Held at: Princeton University Library: Manuscripts Division [Contact Us]
This is a finding aid. It is a description of archival material held at the Princeton University Library: Manuscripts Division. Unless otherwise noted, the materials described below are physically available in their reading room, and not digitally available through the web.
Overview and metadata sections
Frederick Warne & Co. was founded in 1865 by a bookseller turned publisher who gave his own name to the firm. During the second half of the nineteenth century, Warne's firm built a reputation based upon its list of published children's illustrated books by well-known authors and artists such as Edward Lea, Kate Greenaway, and Walter Crane. Toward the end of the century, Frederick Warne retired and handed the management of the business over to his three sons, Harold, Fruing, and Norman. Warne was among the six publishers to whom Beatrix Potter submitted her first book, the story of a rabbit called Peter. As did the other five, Warne turned the proposal down. People at the company changed their minds, however, when they saw the privately printed edition of the book in 1901. They offered to publish it if Potter redid the illustrations in color. The next year, Warne published The Tale of Peter Rabbit, and by Christmas had sold 20,000 copies. This was the beginning of a forty-year partnership that saw the publication of twenty-two additional Little Books and the development of a flourishing merchandising program, the first of its kind based on a children's book. In 1983, Frederick Warne was acquired by Penguin Books.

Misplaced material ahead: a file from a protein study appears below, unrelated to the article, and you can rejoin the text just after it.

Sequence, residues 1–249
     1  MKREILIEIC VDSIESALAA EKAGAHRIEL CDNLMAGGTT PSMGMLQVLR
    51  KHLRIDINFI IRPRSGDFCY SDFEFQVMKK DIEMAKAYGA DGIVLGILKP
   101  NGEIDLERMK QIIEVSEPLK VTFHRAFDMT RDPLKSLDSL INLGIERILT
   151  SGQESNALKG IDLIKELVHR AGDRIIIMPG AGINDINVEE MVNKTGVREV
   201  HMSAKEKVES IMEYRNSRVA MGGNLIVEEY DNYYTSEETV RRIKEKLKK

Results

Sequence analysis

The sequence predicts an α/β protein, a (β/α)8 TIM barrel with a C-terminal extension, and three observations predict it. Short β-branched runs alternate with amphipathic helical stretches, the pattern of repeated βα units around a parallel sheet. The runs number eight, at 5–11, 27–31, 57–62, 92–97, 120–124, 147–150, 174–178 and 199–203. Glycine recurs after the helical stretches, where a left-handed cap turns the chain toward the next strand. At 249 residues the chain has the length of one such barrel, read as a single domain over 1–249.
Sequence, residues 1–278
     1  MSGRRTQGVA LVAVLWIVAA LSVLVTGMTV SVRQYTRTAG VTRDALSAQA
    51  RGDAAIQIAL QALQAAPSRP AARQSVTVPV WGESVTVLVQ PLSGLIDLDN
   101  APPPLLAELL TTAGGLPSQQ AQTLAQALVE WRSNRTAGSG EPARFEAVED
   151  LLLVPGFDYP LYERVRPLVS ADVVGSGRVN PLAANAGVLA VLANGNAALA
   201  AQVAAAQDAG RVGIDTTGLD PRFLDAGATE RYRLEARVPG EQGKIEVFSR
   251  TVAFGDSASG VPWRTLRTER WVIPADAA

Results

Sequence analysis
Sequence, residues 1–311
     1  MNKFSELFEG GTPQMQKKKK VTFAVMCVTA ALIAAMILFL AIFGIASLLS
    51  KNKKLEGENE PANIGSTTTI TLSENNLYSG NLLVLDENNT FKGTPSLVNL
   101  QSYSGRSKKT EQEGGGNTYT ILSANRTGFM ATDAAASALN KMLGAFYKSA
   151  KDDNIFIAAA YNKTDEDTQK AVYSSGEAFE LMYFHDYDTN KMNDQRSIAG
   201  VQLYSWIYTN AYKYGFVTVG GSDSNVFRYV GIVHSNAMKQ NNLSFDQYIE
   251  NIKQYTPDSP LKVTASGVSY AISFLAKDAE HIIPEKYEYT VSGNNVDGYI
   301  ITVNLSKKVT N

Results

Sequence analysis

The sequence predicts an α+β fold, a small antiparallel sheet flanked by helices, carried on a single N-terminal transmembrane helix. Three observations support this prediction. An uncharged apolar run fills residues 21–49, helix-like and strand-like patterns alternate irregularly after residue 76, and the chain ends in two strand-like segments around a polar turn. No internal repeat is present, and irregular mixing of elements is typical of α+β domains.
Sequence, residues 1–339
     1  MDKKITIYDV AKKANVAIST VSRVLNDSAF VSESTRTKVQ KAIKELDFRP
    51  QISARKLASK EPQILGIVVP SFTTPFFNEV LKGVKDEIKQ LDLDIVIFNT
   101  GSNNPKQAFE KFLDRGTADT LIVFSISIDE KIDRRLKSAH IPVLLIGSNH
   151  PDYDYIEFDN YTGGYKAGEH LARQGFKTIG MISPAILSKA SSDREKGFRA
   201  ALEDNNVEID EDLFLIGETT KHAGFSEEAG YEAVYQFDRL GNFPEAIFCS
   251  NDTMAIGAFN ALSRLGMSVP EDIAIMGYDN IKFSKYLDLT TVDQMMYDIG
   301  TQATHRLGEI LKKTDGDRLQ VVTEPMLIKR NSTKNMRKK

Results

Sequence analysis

The collection contains selected correspondence of Frederick Warne & Co., the London publishers, or of the Warne brothers. Correspondents include authors, poets, and playwrights offering their work for publication, such as Robert Buchanan, George Manville Fenn, Edmund Gosse, Louisa L. Greene, Joseph Hatton, Anthony Hewitson, Mary Howitt, Alexander Ireland, and Lord Rowton. There is an undated letter with pen-and-ink drawings by the Irish composer Paul J. McSwiney, asking for employment in Warne's book illustration or designing department. A letter sent from Windsor Castle by Sir Henry Ponsonby, private secretary to Queen Victoria, dated December 10, 1881, thanks Warne for the copy of the May Blossom which the firm had the kindness to present to her, and a letter from J. F. Daly, secretary of Benjamin Disraeli, sent from 10 Downing Street on May 8, 1878, thanks the company for sending the prime minister a copy of Mr. Clinton's The Peninsular War. Also included is a letter from the Rev. W. S. Gibson to "My Dear Warne" about the preparatory school he is setting up, asking him to print notices advertising for pupils. In addition, there is a letter from Samuel Davey seeking to purchase autographs of literary celebrities.
Folders are organized in alphabetical order by correspondent name.
The material was purchased on August 30, 2000.
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Folder inventory added by Nicholas Williams '2015 in 2012.
No appraisal information is available.
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